Hail plinks against the windshield as we turn onto a dirt road that transects the neighboring ranches. I start to pay attention to where the fields are green and where the water pools up alongside them. Now I realize that everything that isn’t sage or scratchy shrub is green for a reason. Randy points to the slight rises in the fields. “Every one of those is a ditch,” he says. Once I start to notice, I can’t not see them. It’s an incredibly complex, ever-present network. To push water downhill, the ditches have to follow the subtle contours of the terrain. They form a latticework of potential, waiting to be filled with moving water. There’s no power, only gravity. “It seems like such a huge engineering project,” I say, staring out the window at the grid of green, thinking about how much work homesteaders must have put in to make their presence tenable. Randy looks at me side-eyed, like I’m slow on the uptake. “Why do you think they call it the state engineer’s office?” he asks. Nothing is here by accident; it’s all a carefully built, additive set of laws and landscape changes.
We end up in the granitic moonscape around Boulder Lake, the man-made reservoir that releases Boulder Creek. The hail has subsided. The fog highlights the gold in the sagebrush, and we walk through the mud across the Boulder Lake Dam. This is where Randy and Twila bring their cattle in the summer, to a higher range on U.S. Forest Service land, and it’s also where all the water in the district comes from.
In parsing out how much water he uses, Randy thinks about the grass he’s growing and how to keep his cattle healthy, but he also thinks about the rest of the ecosystem: the migratory birds, the pronghorn, the way the saturated soil releases water through the fall and winter. His livelihood depends on keeping the land healthy, and he’s looking at it every day. He says his irrigation recharges the aquifer. It provides habitat for sandhill cranes. It transforms the granite gravel pit into what he calls an oasis. Irrigation is how the landscape became livable—the present reflects the goals of the past. That’s what he considers conservation.
His vision for the best way to manage water into the future is based on his reality. He hears people downstream talk about taking water out of agriculture to send to cities, and he thinks it’s short-sighted, that they should focus on the top of the basin and take advantage of the natural reservoir that aquifers provide, especially when runoff from flood irrigation trickles down into the water table. “It’s a hard concept in a culture that reveres conservation in the form of using less,” he says. “There’s lots of hyperventilation to conserve water just to comply, but it doesn’t serve the entire system.”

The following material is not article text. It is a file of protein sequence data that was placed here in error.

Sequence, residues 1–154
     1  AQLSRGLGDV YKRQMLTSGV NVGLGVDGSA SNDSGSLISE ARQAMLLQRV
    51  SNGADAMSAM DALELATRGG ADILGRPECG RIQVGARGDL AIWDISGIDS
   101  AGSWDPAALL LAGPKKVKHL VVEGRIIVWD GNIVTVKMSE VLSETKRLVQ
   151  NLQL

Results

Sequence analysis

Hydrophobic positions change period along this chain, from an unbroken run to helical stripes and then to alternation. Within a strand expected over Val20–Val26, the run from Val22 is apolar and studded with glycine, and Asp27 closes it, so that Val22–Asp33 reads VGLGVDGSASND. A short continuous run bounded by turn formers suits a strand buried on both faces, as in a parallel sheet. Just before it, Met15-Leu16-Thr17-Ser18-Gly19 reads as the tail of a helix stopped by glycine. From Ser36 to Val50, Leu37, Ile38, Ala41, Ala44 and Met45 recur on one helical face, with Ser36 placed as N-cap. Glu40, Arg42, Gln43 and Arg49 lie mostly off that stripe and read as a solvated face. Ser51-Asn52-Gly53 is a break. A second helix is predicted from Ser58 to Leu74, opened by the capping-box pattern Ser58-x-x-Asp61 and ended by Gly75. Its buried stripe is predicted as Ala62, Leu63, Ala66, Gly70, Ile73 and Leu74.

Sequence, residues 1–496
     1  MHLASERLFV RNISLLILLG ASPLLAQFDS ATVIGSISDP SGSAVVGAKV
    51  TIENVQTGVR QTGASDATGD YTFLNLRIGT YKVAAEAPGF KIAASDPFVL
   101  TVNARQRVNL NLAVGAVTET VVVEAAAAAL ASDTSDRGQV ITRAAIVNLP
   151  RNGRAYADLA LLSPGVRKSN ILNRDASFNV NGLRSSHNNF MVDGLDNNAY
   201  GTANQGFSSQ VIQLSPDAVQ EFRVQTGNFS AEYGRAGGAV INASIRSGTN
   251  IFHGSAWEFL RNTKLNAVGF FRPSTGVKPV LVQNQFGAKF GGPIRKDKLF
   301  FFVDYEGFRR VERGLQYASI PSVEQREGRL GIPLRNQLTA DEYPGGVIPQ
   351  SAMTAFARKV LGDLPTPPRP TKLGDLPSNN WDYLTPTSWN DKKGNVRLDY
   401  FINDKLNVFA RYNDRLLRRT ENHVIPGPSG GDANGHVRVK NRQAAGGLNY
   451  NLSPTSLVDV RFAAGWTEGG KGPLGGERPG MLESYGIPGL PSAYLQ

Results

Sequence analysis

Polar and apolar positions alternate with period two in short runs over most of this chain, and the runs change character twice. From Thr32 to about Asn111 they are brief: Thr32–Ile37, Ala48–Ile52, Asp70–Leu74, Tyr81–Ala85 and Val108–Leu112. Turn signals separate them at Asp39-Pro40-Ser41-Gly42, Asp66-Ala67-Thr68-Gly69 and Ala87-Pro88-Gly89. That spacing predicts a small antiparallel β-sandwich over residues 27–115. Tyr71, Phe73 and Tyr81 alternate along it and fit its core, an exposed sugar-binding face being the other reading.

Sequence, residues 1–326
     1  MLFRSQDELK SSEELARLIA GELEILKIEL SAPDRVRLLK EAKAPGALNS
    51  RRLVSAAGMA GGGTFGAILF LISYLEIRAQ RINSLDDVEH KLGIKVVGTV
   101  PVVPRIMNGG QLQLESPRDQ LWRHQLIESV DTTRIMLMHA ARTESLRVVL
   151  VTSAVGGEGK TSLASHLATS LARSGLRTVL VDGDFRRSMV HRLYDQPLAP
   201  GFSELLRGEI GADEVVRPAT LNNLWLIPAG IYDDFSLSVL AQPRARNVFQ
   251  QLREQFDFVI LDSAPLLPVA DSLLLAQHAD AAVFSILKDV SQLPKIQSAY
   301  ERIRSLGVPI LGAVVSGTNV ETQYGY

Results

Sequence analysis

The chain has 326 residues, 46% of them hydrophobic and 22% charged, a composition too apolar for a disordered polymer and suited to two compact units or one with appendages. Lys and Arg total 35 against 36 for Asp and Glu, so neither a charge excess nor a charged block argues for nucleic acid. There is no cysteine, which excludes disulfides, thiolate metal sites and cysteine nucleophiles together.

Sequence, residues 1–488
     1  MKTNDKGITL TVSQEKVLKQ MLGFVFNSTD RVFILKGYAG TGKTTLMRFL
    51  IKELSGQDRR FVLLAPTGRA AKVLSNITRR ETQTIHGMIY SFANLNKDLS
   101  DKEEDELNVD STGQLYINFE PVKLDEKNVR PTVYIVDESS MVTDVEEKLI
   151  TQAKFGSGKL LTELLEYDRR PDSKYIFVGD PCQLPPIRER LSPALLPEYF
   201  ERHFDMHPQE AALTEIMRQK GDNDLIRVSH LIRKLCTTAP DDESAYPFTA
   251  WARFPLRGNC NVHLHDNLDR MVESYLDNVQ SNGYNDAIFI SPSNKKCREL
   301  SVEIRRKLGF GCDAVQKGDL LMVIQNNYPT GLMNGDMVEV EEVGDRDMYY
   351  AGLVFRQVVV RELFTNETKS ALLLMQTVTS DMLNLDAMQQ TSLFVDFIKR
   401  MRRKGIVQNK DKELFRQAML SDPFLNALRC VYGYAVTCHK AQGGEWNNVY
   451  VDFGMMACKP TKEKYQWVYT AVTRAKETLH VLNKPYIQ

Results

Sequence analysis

Randy isn’t wrong, and neither are people like Colorado River Water Conservation District General Manager Eric Kuhn, who look at the balance of water in the basin from a more pulled-back perspective, and who think cutbacks should come from agriculture. The challenge is that it’s impossible to sustain both the future of small-scale agriculture up here and large-scale water use across the basin. It’s even harder when you’re trying to manage for an unknown future and basing your stake on an unreliable past. The overarching Law of the River, with its built-in incentives to use a share until it’s gone, makes change unappealing and risky for ranchers like Randy. It delineates how every drop of water along the river is used, but it’s a broken system.
We ride back down, retracing the canals, the red truck slipping in the mud. Randy points out hardscrabble ranches carved out of tricky terrain, where getting water down the ditch is much harder than it is on his flat, even fields, and the ticky-tacky new subdivisions that sprang up to house the oil-field workers when they were here.
“People need to live aligned with the desert they live in,” he says. “It’s a philosophical question. Are we doing the best good by flood irrigating? I think we are.”
An excerpt from the book Downriver: Into the Future of Water in the West, © 2019 by Heather Hansman, published by University of Chicago Press on April 2nd, 2019.